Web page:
March 26, 2009

The Fruit of Dispensationalism

Category: Theology - Eschatology,Updates :: Permalink

Last weekend, I lectured on Philippians, taught Sunday School (on the Nazirite vow in Numbers 6), and preached twice (Psalms 6 and 7) at Auburn Avenue Presbyterian Church in Monroe, Louisiana. The lectures, given for the Bucer Institute, should soon be online here or here. I had a great time in Louisiana. My last visit was six years ago, and I hope my next visit isn’t that far in the future.

In the Portland airport, on my way back home, I read a new book on eschatology by Auburn Avenue’s associate pastor, Duane Garner. Here are a few paragraphs to whet your appetite. In the context, Garner has been talking about Hal Lindsey’s recommendation that Christians retreat from society because things are going to get worse and worse until Jesus returns:

What is most disturbing about Lindsey’s writing here is that he talks about retreating from a culture that he helped create. When he wrote his first book, the abortion issue had not yet gone to the Supreme Court, homosexuality was still taboo, drugs and pornography were nowhere near as prevalent or as accessible as they are today, marriage was still viewed as a sacred union, and outside of a few areas of this country, it was still expected that nearly everyone worshipped in a Christian church on the Lord’s Day. Then Lindsey came onto the scene proclaiming that we are living on what will soon be the late great planet Earth. Christians accepted the hype and retreated into their homes and their splintered churches while the world went to hell.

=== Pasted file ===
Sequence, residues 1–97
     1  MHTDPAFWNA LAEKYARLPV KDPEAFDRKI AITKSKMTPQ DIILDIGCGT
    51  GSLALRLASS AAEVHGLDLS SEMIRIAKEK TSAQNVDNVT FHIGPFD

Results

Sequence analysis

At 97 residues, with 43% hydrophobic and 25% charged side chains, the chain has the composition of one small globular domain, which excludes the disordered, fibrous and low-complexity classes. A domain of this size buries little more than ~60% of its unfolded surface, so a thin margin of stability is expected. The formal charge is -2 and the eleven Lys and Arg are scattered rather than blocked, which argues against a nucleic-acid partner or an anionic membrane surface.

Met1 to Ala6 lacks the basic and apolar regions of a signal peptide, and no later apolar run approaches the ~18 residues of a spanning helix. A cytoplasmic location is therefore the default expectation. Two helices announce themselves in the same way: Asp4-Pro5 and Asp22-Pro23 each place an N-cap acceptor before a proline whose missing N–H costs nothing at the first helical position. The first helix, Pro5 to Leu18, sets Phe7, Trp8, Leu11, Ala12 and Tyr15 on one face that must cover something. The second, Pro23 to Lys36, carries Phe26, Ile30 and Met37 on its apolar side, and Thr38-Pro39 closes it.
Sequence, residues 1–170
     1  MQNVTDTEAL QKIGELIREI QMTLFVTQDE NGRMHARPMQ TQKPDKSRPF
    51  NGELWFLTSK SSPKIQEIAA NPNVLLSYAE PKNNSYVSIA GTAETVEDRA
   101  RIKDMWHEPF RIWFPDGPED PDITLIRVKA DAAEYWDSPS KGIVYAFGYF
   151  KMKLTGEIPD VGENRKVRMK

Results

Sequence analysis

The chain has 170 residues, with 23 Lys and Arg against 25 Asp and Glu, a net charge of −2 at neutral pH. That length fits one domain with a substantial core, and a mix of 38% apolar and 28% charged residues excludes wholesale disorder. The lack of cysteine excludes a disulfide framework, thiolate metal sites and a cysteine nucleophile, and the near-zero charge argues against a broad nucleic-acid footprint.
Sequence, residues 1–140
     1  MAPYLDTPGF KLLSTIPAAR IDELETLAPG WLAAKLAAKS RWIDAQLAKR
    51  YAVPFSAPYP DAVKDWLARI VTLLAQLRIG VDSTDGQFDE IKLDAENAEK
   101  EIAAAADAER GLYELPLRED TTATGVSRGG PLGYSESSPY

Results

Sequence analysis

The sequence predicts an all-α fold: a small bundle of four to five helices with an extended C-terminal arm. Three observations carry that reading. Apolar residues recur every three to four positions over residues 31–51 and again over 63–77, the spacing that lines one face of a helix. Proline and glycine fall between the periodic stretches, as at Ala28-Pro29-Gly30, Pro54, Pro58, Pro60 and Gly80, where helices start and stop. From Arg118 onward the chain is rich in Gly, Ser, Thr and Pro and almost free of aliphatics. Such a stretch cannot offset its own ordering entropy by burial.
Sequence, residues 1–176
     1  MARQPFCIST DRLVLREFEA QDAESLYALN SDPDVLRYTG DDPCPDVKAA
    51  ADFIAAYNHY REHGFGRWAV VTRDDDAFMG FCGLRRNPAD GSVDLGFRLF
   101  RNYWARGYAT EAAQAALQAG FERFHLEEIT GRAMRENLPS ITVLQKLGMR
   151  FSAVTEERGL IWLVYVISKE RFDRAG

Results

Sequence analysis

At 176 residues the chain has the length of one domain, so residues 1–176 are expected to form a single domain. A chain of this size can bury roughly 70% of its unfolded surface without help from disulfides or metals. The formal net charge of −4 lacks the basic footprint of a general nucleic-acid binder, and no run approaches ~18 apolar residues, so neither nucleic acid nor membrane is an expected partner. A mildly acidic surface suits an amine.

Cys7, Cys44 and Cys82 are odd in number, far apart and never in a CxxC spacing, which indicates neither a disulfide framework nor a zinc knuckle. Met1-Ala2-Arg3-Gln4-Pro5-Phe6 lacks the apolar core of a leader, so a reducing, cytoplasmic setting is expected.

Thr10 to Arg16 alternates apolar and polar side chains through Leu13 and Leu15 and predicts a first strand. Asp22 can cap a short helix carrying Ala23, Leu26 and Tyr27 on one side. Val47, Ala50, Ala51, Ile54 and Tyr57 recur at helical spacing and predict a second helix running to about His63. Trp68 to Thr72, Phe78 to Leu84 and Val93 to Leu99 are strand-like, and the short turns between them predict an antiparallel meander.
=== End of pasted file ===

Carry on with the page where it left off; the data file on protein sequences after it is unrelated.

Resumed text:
After thirty years of this end-times hysteria, the church has fallen from her former influential position in society. Without any plan for the future, and hardly a plan for the present, the church has lost every single significant cultural battle that has faced our generation. The church keeps thinking that if she can just hold out a little longer, Jesus will come back and everything will be all better. After all, any effort to make this a better world will only delay the second coming.

What they miss in the midst of all this madness is that Jesus placed his church in a position to succeed at her mission. He fully expected her to complete her work and we should not expect him to return until she is finished. The failure of dispensationalists to see that the world is already under the Kingship of Jesus Christ has led them to accept defeat at the hands of a powerless enemy. Like the Israelite spies who viewed the land of Canaan and shook in fear at the giants they saw there, dispensationalists do not believe their God is mightier than the giants and they do not believe him when he promises to crush the head of the serpent through the means of his triumphant church. — Duane Garner, Why The End Is Not Near: A Refutation of End-Times Hysteria (Monroe: Athanasius Press, 2008), pp. 37-38.

Posted by John Barach @ 2:39 pm | Discuss (3)

3 Responses to “The Fruit of Dispensationalism”

  1. Dad B Says:

    This problem is seen in non-dispensational circles (e.g., Reformed and Mennonite), too, where young people are not encouraged to get further education to become college profs, journalists, lawyers/judges, politicians, etc. These professions affect societal change. Even pastors don’t lead their congregation in prayer for those in these professions.

  2. Charles Chambers Says:

    Thanks for this piece John and your insights. Your Dad’s comment was informative too. Never thought of it that way.

  3. Mike Bull Says:

    I’d love your notes on Numbers 6.

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